(c) said inner and outer ends vary in width for relatively adjusting wavelength bandwidth and crosstalk attenuation between adjacent individual waveguides.
30. The multiplexer/demultiplexer of claim 19 in which:
(a) said common pathway and each of said individual pathways have inner and outer ends,
(b) said inner ends are adjacent to said central pathway, and
(c) said inner and outer ends vary in width for relatively adjusting wavelength bandwidth and crosstalk attenuation between adjacent individual waveguides.
31. The multiplexer/demultiplexer of claim 29 in which said inner ends are increased in width to maximize wavelength bandwidth at a predetermined amount of crosstalk attenuation between the adjacent individual waveguides.
32. The multiplexer/demultiplexer of claim 31 in which said inner end of the common pathway is sized similar to said inner ends of the individual pathways for reducing coupling losses.
33. The multiplexer/demultiplexer of claim 31 in which a slope of transition between said inner and outer ends is limited to provide an adiabatic transition between said ends.
34. The multiplexer/demultiplexer of claim 1 in which said focusing mechanism has at least three focal points.
35. The multiplexer/demultiplexer of claim 34 in which corresponding image points of each different wavelength signal are evenly spaced along the focal line.
36. The multiplexer/demultiplexer of claim 1 in which said dispersing mechanism angularly disperses the different wavelength signals within a free spectral range and said adjacent focal points of said focusing mechanism reduce the free spectral range.
37. The multiplexer/demultiplexer of claim 36 in which the free spectral range is reduced by a factor equal to the number of adjacent focal points.
38. The multiplexer/demultiplexer of claim 36 in which:
(a) the plurality of different wavelength signals span an operating bandwidth,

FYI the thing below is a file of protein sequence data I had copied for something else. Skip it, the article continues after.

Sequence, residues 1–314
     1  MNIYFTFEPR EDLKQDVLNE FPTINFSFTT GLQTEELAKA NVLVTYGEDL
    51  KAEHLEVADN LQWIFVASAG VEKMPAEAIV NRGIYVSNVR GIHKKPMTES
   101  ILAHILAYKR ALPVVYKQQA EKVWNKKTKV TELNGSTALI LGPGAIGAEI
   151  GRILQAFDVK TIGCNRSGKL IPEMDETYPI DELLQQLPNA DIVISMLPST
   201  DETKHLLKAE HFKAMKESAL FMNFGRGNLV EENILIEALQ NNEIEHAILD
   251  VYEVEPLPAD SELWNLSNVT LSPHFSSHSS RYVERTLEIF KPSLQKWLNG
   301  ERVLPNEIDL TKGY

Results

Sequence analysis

(b) the different wavelength signals are angularly dispersed as a function of a diffraction order of said dispersing mechanism, and
(c) and the diffraction order is adjusted in size to maintain the free spectral range larger than the operating bandwidth.
39. An optical connector for routing optical signals according to their wavelength comprising:
a common pathway for conveying a plurality of such optical signals within different bands of wavelengths;
individual pathways arranged in an array for separately conveying the optical signals within the different bands;
a focuser interconnecting said common pathway and said individual pathways by separately imaging said common pathway in each wavelength of the optical signals; and
a wavelength disperser optically coupled to said focuser so that the images of the common pathway are displaced in positions along said end of the array according to their wavelength, characterized by:
said focuser arranged for forming at least two of the images for each wavelength along said end of the array;
the two images in each wavelength being offset so that corresponding images in different wavelengths can be formed at each position along said end of the array; and
said individual pathways of the array being respectively centered at said positions at which the corresponding images in different wavelengths are formed so that a wider range of wavelengths within each band can be coupled between said common and individual pathways with no additional variation in efficiency.
40. The connector of claim 39 in which:
(a) said focuser and said wavelength disperser form a plurality of optical couplings between said common and individual pathways,
(b) said optical couplings exhibit spectral response curves defined by decibel loss over a domain of wavelengths,
(c) said bands of wavelengths are defined as a contiguous group of wavelengths within which decibel loss is less than a predetermined amount, and